Touching Space Debris Could Land You In Jail

Thomas Smith

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If a piece of space junk falls from the sky and lands on your property, can you legally keep it? If one were to fall on your front lawn, perhaps you’d like to turn an old rocket fuel tank into a planter for your petunias?

It seems like a silly question, but as space fills up and more governments and companies launch satellites, the amount of space junk falling to earth is increasing dramatically. Earlier this year, junk from a Chinese spacecraft was projected to fall onto the United States. (It ultimately ended up landing in the Indian Ocean.)

Finders, Keepers?

If junk from a US spacecraft were to fall on your front lawn, could you keep it?

The answer is no—you can’t legally keep it. As amateur historian Kevin Spencer points out, pieces of American spacecraft are property of the Federal Government. Federal law prevents citizens from knowingly using or selling items of value to the government.

The penalties? Fines or imprisonment. NASA reportedly takes an especially dim view of people who kept fallen debris from the Space Shuttle disasters. The agency still operates a hotline for citizens to report finding objects they believe to be part of either the Challenger or Columbia.

States have their own laws, too. Florida will fine you or imprison you for a year if you try to keep fallen space debris unlawfully. That state law makes sense, as many rocket launches occur in Florida, and thus, a lot of debris from failed spacecraft rains down on the state.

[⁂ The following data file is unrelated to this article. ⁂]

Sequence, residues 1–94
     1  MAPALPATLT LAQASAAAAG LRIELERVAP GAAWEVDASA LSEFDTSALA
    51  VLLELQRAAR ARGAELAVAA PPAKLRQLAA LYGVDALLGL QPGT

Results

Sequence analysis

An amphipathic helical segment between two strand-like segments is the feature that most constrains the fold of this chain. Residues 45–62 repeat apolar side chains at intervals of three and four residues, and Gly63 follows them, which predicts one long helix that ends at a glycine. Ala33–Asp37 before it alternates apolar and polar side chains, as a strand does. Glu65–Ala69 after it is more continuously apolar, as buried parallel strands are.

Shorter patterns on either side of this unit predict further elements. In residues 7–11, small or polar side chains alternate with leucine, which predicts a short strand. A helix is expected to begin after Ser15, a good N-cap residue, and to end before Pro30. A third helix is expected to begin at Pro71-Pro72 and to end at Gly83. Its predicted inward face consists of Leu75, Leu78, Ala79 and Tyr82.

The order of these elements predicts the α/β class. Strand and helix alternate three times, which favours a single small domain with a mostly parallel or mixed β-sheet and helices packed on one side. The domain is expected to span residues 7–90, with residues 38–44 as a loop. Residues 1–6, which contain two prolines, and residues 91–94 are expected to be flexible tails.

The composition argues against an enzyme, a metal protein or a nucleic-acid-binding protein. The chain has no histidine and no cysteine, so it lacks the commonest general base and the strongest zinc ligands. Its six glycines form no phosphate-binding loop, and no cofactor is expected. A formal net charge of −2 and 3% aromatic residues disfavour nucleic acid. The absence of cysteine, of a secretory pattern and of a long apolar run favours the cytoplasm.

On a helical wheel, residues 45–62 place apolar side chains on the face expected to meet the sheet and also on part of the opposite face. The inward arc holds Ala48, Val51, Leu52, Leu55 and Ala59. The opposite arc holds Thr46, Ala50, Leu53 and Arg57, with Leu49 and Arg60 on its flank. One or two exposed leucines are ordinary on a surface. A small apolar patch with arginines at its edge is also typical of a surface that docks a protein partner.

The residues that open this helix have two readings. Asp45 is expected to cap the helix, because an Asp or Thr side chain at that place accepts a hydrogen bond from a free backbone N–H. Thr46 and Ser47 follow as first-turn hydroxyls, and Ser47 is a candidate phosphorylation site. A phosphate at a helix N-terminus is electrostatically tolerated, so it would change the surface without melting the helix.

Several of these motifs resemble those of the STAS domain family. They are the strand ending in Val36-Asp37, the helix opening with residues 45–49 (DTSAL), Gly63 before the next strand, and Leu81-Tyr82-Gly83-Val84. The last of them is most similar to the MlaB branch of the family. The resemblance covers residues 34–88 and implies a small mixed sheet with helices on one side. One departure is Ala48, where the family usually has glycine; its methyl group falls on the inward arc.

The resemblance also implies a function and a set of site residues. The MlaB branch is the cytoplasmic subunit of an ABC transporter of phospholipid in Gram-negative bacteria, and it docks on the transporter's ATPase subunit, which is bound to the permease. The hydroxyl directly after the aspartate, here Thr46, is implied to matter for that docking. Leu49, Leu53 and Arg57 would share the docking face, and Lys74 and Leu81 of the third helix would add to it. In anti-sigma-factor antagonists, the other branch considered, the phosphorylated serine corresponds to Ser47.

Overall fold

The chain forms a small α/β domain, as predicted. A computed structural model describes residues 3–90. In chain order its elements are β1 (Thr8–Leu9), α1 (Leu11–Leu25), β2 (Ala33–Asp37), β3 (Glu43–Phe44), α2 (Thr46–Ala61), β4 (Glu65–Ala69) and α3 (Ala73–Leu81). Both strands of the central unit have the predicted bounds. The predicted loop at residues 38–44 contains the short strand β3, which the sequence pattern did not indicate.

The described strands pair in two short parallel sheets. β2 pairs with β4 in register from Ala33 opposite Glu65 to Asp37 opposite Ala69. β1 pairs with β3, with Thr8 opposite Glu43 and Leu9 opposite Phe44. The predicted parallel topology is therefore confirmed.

If a fallen rocket hits your house or otherwise damages your property, you probably can’t keep it, but you do have some additional rights. International law requires countries to compensate each other for damages caused by fallen spacecraft. If an American spacecraft fell on your garden shed, NASA would need to remove it and replace the shed at their expense.

Don't Touch It

Even if you could keep fallen space junk, you probably wouldn’t want to. As Spencer points out, many spacecraft use hyperbolic propellants that will literally melt parts of your body if you touch them. These chemicals are so toxic that mere parts per million can kill a person. Touching a contaminated piece of space debris could easily prove fatal.

Even with all the spacecraft currently whizzing around the earth, it’s still extremely unlikely to have a piece of space debris fall on your yard. If you ever did find a suspected piece of space junk, though, your best move would be to stay far away from it and call your local law enforcement.

They could then coordinate the federal resources needed to remove it safely and compensate you for any damage. That’s a lot better than taking the risk of fines, jail time, or serious bodily injury.

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Award-winning entrepreneur, and the co-founder and CEO of Gado Images. Thomas writes, speaks and consults about artificial intelligence, privacy, food, photography, tech, and the San Francisco Bay Area. As a professional photographer, Thomas' photographic work regularly appears in publications worldwide. Pitches/news tips: tom@gadoimages.com

Lafayette, CA
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